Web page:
Flying spaghetti monster relics discovered
The deity known as the Flying Spaghetti Monster has consolidated his hold over the minds of his worshippers by guiding a few of his disciples (the "chosen ones") to discover some of his ancient relics.
This week New Scientist reports that:
Ancient noodle rewrites history
Who invented the noodle is a hotly contested topic - with the Chinese, Italians and Arabs all staking a claim.
But the discovery of a pot of thin yellow noodles preserved for 4000 years in Yellow river silt may have tipped the bowl in China's favour. It suggests that people were eating noodles at least 1000 years earlier than previously thought, and many centuries before such dishes were documented in Europe.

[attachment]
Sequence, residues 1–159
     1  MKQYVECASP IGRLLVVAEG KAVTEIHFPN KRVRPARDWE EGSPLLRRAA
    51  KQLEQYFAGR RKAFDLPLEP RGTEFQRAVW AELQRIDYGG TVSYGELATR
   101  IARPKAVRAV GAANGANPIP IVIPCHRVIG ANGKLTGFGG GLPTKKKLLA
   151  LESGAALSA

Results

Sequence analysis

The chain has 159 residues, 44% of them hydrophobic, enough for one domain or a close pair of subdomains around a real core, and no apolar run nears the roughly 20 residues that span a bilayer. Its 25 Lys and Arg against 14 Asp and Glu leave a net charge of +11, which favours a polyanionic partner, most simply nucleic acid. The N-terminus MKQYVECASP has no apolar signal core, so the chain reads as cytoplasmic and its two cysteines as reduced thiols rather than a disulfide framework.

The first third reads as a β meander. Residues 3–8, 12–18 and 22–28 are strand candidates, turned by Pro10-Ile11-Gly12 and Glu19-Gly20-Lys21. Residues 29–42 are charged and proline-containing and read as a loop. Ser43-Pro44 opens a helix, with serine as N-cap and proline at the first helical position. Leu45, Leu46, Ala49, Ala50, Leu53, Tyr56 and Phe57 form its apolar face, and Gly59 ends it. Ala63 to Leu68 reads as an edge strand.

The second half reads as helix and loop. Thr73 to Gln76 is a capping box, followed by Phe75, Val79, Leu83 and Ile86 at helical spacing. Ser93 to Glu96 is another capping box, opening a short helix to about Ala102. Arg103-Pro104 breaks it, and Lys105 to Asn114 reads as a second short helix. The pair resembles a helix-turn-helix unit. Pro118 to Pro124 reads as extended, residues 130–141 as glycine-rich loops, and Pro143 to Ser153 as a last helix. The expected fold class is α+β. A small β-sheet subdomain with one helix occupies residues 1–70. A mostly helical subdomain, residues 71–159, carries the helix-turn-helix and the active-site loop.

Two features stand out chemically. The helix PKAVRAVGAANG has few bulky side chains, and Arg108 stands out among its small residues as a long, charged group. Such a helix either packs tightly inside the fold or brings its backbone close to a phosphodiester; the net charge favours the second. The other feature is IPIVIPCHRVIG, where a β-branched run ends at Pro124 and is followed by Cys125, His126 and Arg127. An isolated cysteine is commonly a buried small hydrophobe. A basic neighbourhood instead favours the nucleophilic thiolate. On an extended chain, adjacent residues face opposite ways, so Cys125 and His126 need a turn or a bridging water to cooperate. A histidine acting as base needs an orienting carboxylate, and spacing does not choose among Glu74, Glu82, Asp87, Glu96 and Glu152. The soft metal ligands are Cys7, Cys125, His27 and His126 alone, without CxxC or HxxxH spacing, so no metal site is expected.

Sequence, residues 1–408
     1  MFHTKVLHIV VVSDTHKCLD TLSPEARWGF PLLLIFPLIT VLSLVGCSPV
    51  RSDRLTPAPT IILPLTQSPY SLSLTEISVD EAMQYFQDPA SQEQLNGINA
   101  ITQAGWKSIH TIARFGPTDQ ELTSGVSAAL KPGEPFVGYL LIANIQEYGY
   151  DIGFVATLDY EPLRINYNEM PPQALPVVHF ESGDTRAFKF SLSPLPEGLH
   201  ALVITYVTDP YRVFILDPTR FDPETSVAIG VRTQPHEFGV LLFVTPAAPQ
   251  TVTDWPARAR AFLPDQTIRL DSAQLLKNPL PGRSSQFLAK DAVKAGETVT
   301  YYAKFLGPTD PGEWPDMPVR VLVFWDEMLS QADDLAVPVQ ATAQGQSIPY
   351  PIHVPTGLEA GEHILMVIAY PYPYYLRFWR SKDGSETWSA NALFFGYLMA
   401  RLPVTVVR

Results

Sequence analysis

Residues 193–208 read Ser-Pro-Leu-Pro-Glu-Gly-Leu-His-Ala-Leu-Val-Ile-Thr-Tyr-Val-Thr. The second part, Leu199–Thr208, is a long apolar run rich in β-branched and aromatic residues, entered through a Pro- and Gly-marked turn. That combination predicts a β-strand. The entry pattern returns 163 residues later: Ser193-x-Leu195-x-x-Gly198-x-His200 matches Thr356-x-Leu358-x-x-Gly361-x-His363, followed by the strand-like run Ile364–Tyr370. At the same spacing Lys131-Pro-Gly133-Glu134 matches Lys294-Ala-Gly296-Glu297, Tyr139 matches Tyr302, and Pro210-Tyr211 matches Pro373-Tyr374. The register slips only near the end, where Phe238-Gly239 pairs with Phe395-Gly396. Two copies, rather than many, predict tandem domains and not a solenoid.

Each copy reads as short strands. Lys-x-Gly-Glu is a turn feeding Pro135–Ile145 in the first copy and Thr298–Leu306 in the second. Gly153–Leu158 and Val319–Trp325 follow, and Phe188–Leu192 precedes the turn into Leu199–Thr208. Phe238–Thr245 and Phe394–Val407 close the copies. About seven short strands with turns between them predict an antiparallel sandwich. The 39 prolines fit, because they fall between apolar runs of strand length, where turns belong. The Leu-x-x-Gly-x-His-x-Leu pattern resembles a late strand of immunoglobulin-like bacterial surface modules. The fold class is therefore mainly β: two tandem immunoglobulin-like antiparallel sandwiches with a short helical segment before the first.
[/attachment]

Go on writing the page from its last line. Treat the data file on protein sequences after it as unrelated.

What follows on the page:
"These are undoubtedly the oldest noodles ever found," says Houyuan Lu at China's Institute of Geology and Geophysics in Beijing. His team found the noodles buried 3 metres deep in flood-plain sediment at Lajia in northeastern China after lifting out an upturned bowl. The "spaghetti-like" noodles, up to 50 centimetres long, sat atop a mound of silt which had sealed them in the bowl following a major earthquake and flood.
Lu's team report in Nature (vol 437, p 967) that the noodles came from two species of millet grass grown in north-eastern China at that time. They identified the species by examining starch grains in the noodles and phytoliths, silica particles formed in seed husks while plants are alive but which survive as fossils.
They believe the noodles were made by pulling dough into long strands before boiling.
Naturally, being religious relics, I don't expect this noodly experimental result to be reproducible.